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Science Secrets: The Truth about Darwin's Finches, Einstein's Wife, and Other Myths (Hardcover)
Was Darwin really inspired by Galápagos finches? Did Einstein’s wife secretly contribute to his theories? Did Franklin fly a kite in a thunderstorm? Did a falling apple lead Newton to universal gravity? Did Galileo drop objects from the Leaning Tower of Pisa? Did Einstein really believe in God? Science Secrets answers these questions and many others. It is a unique study of how myths evolve in the history of science. The book includes new findings related to the Copernican revolution, alchemy, Pythagoras, young Einstein, and other events and figures in the history of science.
About the Author
Alberto A. Martinez teaches history of science and mathematics at the University of Texas, Austin. He studies history to better understand scientific creativity and to clarify ambiguities in the elements of physics and algebra.
"Did Galileo really study gravity by dropping objects from the Leaning Tower of Pisa, as many of us learned in school? According to science historian [Alberto A.] Martínez, a rich variety of tall tales, myths, and fictitious accounts have congealed around famous scientists 'like plaster, paint, and acrylic gloss.' In a laudable effort to separate the fragments of truth from the hype surrounding a number of eureka moments in the history of science, Martínez skillfully reveals how even the best biographers and writers make plausible but incorrect connections between historical events and often rely on their imagination instead of the facts. VERDICT: Martínez’s more truthful reconstructions of these mythlike stories about Newton, Einstein, Darwin, and other scientists are only a starting point for a fascinating analysis of the historical and social factors that created these legends and keep them alive. This book should be required reading for all college science majors. The author’s meticulous and engaging use of historical evidence will also appeal to history of science enthusiasts."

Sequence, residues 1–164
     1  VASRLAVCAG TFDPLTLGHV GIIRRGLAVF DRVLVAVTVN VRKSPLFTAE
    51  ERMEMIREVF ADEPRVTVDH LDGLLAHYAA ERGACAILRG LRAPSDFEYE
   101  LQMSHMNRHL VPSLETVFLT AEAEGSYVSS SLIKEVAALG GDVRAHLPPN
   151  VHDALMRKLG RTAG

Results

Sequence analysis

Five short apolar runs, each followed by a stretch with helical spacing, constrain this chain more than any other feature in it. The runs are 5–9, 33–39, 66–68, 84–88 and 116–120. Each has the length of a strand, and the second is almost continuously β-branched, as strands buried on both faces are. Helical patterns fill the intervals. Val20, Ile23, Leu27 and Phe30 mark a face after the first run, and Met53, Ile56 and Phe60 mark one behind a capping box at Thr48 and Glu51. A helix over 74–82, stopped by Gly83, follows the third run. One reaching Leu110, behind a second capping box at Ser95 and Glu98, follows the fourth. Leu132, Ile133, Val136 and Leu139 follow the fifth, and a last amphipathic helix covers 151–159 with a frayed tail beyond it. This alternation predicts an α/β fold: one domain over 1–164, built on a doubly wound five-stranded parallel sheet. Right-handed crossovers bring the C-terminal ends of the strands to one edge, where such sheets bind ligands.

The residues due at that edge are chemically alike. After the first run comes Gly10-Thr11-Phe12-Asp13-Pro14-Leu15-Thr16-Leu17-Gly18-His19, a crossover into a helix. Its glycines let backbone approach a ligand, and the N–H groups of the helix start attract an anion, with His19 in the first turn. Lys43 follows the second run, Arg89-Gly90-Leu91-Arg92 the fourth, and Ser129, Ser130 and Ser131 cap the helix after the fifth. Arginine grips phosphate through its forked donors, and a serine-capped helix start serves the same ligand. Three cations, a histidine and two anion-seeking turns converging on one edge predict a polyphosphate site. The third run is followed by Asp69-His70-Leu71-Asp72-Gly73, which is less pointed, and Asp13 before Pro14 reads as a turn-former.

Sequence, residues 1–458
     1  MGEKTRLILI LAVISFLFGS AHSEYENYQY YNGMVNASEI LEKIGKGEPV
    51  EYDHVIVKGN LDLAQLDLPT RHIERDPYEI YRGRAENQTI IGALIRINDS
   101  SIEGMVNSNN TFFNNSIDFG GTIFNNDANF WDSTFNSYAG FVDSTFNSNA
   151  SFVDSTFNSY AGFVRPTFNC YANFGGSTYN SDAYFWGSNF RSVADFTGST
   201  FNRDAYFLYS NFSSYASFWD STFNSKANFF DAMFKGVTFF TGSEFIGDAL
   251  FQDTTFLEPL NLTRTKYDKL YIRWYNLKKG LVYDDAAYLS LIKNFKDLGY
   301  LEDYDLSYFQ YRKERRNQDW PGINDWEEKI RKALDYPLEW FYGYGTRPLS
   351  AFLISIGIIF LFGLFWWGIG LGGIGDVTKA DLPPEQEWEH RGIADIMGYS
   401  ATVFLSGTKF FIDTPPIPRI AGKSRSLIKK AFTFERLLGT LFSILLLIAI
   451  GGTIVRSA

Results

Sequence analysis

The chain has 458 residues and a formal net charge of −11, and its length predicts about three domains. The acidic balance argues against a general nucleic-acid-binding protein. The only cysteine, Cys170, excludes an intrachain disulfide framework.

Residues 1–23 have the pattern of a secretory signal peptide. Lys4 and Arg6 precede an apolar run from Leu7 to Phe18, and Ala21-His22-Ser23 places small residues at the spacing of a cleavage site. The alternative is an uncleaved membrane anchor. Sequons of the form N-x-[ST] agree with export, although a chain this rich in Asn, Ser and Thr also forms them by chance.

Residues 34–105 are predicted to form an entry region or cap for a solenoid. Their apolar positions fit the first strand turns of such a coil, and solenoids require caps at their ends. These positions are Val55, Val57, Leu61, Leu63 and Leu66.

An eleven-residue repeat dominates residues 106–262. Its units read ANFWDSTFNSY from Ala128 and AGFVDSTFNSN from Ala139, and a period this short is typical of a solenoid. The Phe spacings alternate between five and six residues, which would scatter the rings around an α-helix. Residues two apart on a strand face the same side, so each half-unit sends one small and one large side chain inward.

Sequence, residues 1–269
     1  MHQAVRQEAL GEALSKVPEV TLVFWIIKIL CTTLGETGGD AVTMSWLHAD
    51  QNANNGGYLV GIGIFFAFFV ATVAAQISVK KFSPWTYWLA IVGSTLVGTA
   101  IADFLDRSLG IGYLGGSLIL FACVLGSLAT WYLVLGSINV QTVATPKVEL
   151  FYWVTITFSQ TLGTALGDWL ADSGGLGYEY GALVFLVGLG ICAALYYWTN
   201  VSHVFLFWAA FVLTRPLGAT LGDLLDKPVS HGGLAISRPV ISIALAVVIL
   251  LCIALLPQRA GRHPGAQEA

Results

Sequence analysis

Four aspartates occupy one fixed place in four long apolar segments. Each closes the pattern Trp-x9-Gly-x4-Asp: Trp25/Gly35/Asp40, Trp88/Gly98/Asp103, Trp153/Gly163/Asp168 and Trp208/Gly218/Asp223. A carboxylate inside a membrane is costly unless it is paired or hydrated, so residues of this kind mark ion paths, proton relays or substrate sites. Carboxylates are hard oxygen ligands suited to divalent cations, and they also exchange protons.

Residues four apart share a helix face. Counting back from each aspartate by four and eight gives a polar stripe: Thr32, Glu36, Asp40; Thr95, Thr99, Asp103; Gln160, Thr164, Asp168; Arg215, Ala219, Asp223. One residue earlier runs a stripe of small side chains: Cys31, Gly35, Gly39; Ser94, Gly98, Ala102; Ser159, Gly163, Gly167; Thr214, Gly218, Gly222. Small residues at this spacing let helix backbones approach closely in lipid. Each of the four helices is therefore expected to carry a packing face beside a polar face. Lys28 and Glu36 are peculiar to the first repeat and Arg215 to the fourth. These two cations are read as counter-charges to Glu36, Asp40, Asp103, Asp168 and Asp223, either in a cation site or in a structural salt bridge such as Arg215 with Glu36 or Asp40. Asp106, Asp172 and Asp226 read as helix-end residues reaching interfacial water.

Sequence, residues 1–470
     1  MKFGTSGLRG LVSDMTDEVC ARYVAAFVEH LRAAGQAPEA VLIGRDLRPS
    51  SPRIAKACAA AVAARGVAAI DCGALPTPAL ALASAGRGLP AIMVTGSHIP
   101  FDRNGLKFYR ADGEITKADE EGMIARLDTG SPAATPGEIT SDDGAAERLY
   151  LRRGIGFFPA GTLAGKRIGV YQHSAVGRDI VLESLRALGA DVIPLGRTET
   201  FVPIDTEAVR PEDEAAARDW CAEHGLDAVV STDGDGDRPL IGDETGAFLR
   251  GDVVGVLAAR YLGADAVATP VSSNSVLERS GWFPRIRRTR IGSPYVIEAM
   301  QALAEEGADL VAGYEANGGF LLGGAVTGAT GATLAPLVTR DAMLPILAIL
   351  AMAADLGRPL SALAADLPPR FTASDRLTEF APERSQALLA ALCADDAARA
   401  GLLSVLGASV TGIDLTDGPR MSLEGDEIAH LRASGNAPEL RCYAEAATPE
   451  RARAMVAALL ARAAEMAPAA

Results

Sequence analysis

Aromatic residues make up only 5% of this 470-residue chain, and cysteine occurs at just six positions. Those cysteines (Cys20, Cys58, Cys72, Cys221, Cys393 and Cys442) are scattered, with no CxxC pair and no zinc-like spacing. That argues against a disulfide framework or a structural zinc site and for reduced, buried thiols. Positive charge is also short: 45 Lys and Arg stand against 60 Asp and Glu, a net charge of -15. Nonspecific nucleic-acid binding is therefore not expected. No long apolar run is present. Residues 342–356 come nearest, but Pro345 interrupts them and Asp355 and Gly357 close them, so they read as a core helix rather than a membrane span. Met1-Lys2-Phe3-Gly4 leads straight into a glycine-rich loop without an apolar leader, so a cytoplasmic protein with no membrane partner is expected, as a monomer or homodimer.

“Alberto Martínez has successfully completed a very difficult task. He has written a book concerning various myths about the history of science that will be very interesting to, and understood by, a generally educated reader. At the same time, his scholarship is so careful that the book will be of value to professional historians and philosophers of science. The episodes, which range from Galileo to Einstein, are fascinating and well chosen. I strongly recommend this book.”
—Allan Franklin, University of Colorado
“Martínez does four valuable things in this book: he refutes several well-established myths and misunderstandings in the history of science, he finds a common thread to many of the older myths in a hidden history of Pythagoreanism, he shows how to detect such mistakes in the work of others, and how to avoid them in one’s own work. It is at once a work of solid scholarship and an education in how to do history of science and it can be read with pleasure and excitement by anyone who cares about the place of science in the modern world.”
—Jeremy Gray, The Open University